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On Caesar's second invasion attempt in 54 BCE, Cassivellaunus led the British defensive forces.The Romans besieged him at Wheathampstead, and partly because of the defection of the Trinovantes (whose King Cassivellaunus had had murdered), the Catuvellauni were forced to surrender. Alban, a Roman army officer who became Britain's first Christian martyr after his arrest at Chantry Island, died in the 3rd or 4th century and gave his name to the modern town of St Albans.

Hatfield in Hertfordshire has seen two rail crashes of international importance (in 18).

Though nowadays Hertfordshire tends to be politically conservative, historically it was the site of a number of uprisings against the Crown, particularly in the First Barons' War, the Peasants' Revolt, the Wars of the Roses and the English Civil War.

There is considerable evidence of a mint in Hertford at this period.

Edward the Martyr (from 975 to 978), Æthelred the Unready (from 978 to 1016) and Knut the Great (from 1016 to 1035) all had coins struck there.

The massacre was to be a slaughter of the Norse in England, including women and children.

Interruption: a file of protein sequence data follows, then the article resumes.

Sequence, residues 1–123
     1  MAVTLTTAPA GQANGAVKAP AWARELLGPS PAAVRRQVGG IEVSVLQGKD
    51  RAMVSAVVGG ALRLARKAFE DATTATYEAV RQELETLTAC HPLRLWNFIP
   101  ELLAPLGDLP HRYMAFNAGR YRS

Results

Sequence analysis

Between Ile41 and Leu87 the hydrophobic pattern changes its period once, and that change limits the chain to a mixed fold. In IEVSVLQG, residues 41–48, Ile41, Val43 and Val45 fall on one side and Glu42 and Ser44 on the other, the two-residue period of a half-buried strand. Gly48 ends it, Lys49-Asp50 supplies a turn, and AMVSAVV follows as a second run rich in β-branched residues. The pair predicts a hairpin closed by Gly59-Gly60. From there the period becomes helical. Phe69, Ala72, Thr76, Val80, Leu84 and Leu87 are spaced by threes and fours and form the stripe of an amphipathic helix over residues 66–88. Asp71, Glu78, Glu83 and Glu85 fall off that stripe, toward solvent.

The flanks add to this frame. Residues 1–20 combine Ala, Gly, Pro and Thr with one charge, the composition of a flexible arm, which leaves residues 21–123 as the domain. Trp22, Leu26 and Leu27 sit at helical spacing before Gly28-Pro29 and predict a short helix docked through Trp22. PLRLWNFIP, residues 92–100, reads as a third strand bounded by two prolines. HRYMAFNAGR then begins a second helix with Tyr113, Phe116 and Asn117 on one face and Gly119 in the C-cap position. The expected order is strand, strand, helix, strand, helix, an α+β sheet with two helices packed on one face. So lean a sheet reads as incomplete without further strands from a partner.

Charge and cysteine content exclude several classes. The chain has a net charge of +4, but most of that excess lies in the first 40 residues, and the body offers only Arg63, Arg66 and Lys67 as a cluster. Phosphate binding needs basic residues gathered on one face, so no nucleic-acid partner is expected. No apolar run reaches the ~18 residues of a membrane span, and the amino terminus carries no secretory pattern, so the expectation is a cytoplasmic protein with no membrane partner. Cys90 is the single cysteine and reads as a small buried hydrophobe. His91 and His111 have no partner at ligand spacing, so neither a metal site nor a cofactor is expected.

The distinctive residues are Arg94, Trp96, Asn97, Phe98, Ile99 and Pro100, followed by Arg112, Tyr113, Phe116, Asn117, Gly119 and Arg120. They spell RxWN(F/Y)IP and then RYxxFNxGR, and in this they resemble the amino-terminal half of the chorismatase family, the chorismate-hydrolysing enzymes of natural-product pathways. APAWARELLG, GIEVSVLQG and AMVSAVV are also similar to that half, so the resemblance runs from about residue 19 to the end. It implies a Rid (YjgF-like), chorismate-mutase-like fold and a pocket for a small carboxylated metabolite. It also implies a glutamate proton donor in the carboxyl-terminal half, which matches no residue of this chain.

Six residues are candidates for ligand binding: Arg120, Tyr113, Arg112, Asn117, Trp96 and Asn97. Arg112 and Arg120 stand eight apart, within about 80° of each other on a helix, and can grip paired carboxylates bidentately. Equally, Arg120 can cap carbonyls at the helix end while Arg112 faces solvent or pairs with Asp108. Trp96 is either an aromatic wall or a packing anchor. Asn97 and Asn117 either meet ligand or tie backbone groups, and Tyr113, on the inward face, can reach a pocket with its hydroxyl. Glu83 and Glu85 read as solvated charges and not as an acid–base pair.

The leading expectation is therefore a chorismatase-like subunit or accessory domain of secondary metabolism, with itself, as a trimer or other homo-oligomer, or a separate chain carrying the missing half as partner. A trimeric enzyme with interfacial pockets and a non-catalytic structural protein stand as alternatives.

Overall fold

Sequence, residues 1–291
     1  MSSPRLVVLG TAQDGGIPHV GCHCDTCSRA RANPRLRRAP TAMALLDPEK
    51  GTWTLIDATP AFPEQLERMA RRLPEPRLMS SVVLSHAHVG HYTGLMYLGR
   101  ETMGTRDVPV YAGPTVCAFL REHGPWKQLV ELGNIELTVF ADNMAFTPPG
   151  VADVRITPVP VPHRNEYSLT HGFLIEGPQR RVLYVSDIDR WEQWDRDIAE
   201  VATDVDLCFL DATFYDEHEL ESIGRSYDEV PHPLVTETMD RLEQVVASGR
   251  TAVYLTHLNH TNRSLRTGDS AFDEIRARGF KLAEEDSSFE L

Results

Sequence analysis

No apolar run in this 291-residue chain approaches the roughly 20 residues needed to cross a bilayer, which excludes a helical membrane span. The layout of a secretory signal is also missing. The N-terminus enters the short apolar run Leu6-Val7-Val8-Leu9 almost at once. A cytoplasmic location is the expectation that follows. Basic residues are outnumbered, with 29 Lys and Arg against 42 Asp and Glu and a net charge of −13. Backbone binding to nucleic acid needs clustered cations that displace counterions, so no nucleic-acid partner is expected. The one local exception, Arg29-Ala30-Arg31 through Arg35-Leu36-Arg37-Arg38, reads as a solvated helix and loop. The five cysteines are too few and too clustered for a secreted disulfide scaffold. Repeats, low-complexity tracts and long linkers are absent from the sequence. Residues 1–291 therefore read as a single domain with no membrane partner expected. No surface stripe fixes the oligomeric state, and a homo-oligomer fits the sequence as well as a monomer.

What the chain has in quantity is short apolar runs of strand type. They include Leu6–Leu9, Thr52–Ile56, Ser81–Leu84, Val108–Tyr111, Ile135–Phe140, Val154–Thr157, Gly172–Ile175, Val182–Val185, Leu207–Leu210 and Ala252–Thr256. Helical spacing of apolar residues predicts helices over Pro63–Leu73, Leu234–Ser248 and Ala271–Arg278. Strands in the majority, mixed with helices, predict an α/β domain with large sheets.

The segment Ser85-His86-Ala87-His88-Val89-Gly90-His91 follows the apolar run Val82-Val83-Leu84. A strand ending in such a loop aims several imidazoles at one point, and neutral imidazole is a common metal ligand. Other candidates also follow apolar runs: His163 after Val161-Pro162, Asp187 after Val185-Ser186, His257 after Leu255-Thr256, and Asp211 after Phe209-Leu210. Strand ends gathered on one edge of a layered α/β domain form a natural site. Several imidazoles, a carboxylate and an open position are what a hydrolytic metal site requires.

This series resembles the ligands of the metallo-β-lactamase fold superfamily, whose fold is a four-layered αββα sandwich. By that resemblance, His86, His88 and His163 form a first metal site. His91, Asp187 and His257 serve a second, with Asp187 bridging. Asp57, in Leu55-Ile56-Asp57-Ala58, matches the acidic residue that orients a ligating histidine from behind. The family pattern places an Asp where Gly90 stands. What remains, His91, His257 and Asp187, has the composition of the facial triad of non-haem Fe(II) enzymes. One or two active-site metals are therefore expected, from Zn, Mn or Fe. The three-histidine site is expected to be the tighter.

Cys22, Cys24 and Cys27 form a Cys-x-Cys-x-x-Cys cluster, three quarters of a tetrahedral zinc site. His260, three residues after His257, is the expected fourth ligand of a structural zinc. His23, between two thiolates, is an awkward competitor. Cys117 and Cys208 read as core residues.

One of those executed was Gunhilde, the sister of King Sweyn Forkbeard of Denmark. Forkbeard's assault on England lasted ten years, until 1013, when Æthelred fled to the continent.Later, Ermine Street would be built directly on top of it.It was at this Synod that the "question of Easter" was settled, and the church agreed how to calculate the date of Easter.Their agreement survives in the Treaty of Alfred and Guthrum which establishes the Danelaw's extent.It seems the land now comprising Hertfordshire was then partly in the Kingdom of Essex (nominally under Norse control, though still populated by Saxons) and partly in the Kingdom of Mercia (which remained Saxon). Alfred died in 899, and his son Edward the Elder worked with Alfred's son-in-law, Æthelred, and daughter, Æthelflæd, to re-take parts of southern England from the Norse.These are three of the "four highways" of medieval England (the other being the Fosse Way, which does not run through Hertfordshire) which were still the main routes through the country more than a thousand years later.The first Roman Road to be built was the Military Way, constructed very early in the Roman conquest to speed the troops' access north.Nevertheless, just south of present-day Ware and Hertford there is some evidence of an increase in the population, with typical round huts and farming activity having been found at a site called Foxholes Farm.In the Iron age, a Celtic tribe called the Catuvellauni occupied Hertfordshire.London is the largest city in Western Europe; it requires an enormous tonnage of supplies each day and Hertfordshire grew wealthy on the proceeds of trade because no less than three of the old Roman roads serving the capital run through it, as do the Grand Union Canal and other watercourses.In the 19th century, rail links sprang up in the county, linking London to the north.

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